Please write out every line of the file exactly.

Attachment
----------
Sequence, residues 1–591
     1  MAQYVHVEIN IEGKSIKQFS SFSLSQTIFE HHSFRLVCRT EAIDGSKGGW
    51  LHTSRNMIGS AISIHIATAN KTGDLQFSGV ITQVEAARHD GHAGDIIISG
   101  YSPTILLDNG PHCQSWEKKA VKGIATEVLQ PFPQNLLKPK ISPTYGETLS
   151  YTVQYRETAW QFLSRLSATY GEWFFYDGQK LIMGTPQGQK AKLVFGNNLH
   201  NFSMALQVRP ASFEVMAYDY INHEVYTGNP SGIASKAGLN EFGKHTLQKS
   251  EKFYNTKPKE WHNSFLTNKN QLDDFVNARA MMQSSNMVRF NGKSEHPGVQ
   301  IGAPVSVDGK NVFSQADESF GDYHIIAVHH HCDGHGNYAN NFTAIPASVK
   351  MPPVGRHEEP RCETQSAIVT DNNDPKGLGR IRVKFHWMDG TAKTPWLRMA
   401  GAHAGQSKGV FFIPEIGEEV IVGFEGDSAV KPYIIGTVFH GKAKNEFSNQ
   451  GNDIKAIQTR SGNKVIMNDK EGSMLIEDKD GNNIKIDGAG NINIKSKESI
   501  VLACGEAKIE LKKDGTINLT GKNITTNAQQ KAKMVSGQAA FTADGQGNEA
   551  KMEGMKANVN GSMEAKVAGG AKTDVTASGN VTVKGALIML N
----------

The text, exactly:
Sequence, residues 1–591
     1  MAQYVHVEIN IEGKSIKQFS SFSLSQTIFE HHSFRLVCRT EAIDGSKGGW
    51  LHTSRNMIGS AISIHIATAN KTGDLQFSGV ITQVEAARHD GHAGDIIISG
   101  YSPTILLDNG PHCQSWEKKA VKGIATEVLQ PFPQNLLKPK ISPTYGETLS
   151  YTVQYRETAW QFLSRLSATY GEWFFYDGQK LIMGTPQGQK AKLVFGNNLH
   201  NFSMALQVRP ASFEVMAYDY INHEVYTGNP SGIASKAGLN EFGKHTLQKS
   251  EKFYNTKPKE WHNSFLTNKN QLDDFVNARA MMQSSNMVRF NGKSEHPGVQ
   301  IGAPVSVDGK NVFSQADESF GDYHIIAVHH HCDGHGNYAN NFTAIPASVK
   351  MPPVGRHEEP RCETQSAIVT DNNDPKGLGR IRVKFHWMDG TAKTPWLRMA
   401  GAHAGQSKGV FFIPEIGEEV IVGFEGDSAV KPYIIGTVFH GKAKNEFSNQ
   451  GNDIKAIQTR SGNKVIMNDK EGSMLIEDKD GNNIKIDGAG NINIKSKESI
   501  VLACGEAKIE LKKDGTINLT GKNITTNAQQ KAKMVSGQAA FTADGQGNEA
   551  KMEGMKANVN GSMEAKVAGG AKTDVTASGN VTVKGALIML N